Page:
Something missing without an I? Car names and e-mobility.
The departure into the new world of e-mobility has more or less become the strategic guiding theme for all car manufacturers worldwide. Apart from the technical challenges, problems with software and battery capacities, it is above all a question of the charging infrastructure that will determine short-, medium- or long-term success. The pioneer Tesla distinguishes its models by using the letters S, 3, X and Y, in Germany the letters I or E are favoured. This often leads to considerable confusion and misinterpretation. The letter I used to stand for injection (Direct Injection), as in the case of a TDI (Turbo Diesel Injection) or the legendary model designation GTI (Grand Turismo Injection) produced by VW.
Today, however, there are designations that are prone to confusion, such as BMW’s i3 or Hyundai’s i30. To make matters worse, VW puts the ID.3 and other models such as the ID.4 next to it. This, too, does not lead to a distinctiveness and autonomy of the new model series with electric drive. The result might probably be that in future two large premium manufacturers will be fighting over the wider use and combination of the letter I in a wide variety of guises. What has already led to legal trouble with BMW M Motorsport GmbH and selected M-Class models from Mercedes-Benz is also conceivable in relation to the letter I. At the very least, however, the distinguishability and differentiation of new models and model series in the consumer perception falls by the wayside.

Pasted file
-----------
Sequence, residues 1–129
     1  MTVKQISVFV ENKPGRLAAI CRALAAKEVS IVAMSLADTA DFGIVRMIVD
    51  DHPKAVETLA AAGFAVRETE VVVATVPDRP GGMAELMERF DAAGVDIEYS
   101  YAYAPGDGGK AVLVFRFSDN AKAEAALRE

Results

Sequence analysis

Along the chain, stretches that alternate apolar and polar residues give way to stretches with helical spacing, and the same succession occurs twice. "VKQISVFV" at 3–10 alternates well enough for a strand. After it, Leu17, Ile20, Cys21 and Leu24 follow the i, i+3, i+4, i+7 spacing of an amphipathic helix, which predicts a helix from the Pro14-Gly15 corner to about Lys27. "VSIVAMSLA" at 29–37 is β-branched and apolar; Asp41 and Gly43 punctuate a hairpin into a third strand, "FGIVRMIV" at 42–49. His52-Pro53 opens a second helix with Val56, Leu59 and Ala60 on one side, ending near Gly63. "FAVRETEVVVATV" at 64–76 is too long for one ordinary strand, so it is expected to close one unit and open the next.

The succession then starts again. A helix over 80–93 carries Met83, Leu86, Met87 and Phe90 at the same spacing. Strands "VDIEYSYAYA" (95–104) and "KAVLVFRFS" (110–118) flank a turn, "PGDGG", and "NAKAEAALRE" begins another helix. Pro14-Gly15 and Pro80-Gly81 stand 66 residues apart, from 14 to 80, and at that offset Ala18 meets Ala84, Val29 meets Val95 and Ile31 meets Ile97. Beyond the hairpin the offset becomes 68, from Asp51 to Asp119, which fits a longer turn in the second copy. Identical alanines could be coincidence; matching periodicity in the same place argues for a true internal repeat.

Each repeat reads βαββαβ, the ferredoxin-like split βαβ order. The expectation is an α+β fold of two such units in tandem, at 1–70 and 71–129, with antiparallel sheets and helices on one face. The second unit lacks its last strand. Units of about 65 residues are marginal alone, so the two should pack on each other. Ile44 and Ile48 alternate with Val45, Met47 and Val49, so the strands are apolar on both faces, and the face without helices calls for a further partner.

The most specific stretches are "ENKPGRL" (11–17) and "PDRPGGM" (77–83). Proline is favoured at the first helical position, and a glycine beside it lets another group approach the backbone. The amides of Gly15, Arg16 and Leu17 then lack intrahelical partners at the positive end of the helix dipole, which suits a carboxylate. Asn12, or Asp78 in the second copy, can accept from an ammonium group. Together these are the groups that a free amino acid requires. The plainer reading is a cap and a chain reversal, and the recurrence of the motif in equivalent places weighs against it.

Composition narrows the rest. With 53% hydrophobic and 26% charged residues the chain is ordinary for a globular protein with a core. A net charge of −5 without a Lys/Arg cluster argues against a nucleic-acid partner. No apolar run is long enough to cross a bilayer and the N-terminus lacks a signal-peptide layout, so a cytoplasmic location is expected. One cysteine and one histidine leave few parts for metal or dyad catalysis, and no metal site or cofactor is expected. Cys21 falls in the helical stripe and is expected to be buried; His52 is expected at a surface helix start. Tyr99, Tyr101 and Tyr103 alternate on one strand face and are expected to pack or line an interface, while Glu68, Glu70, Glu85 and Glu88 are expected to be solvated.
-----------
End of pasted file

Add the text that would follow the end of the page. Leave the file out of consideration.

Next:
While Porsche, for example, has introduced a completely new model series with a completely new name “Taycan”, other manufacturers are still lagging behind here. The letter E is also more inflationary than unique. As an abbreviation for e-mobility, it is suitable for identifying the alternative drive type of a particular vehicle, but it is not to be favoured as a product name for completely new vehicles.
While Volvo, for example, ensures clear relationships with its own newly developed brand Polestar and the respective series designation in the form of numbers (Polestar 1, 2 and 3) and thereby ensures clearly demarcated in customer perception, the letter E is not always a direct reference to the electric drive. At Mercedes-Benz, for example, there already exists an E-Class regardless of the type of drive. The e-Golf, on the other hand, is purely electric and KIA is trying its hand at EV models. Audi, however, has chosen the most unfortunate path. True to the motto “Well thought, badly done”, they have chosen the brand name e-tron for all electrically powered vehicles. Unfortunately, however, they did not take into account that l’étron means excrement or dung heap in French and thus raises considerable question marks in international usage.
Many manufacturers lack clarity and consistency in the nomenclature of their vehicle models and model series. It is made unnecessarily difficult for consumers to identify and assign new vehicles to the respective manufacturers. If, as is the case with Audi, the problem is compounded by the fact that the performance parameters of the individual models are pressed into a separate numerical scheme, the confusion is complete. It would be desirable if the introduction of new technologies were accompanied by clarity in the naming and differentiation of models and model series.
As managing director of innomark GmbH, Thomas H. Schiefer comments on brand issues currently under discussion at irregular intervals.